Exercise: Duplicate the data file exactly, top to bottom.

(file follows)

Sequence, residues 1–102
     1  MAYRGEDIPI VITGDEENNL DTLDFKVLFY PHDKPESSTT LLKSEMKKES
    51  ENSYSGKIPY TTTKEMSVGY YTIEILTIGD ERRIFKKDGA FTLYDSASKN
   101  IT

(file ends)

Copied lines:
Sequence, residues 1–102
     1  MAYRGEDIPI VITGDEENNL DTLDFKVLFY PHDKPESSTT LLKSEMKKES
    51  ENSYSGKIPY TTTKEMSVGY YTIEILTIGD ERRIFKKDGA FTLYDSASKN
   101  IT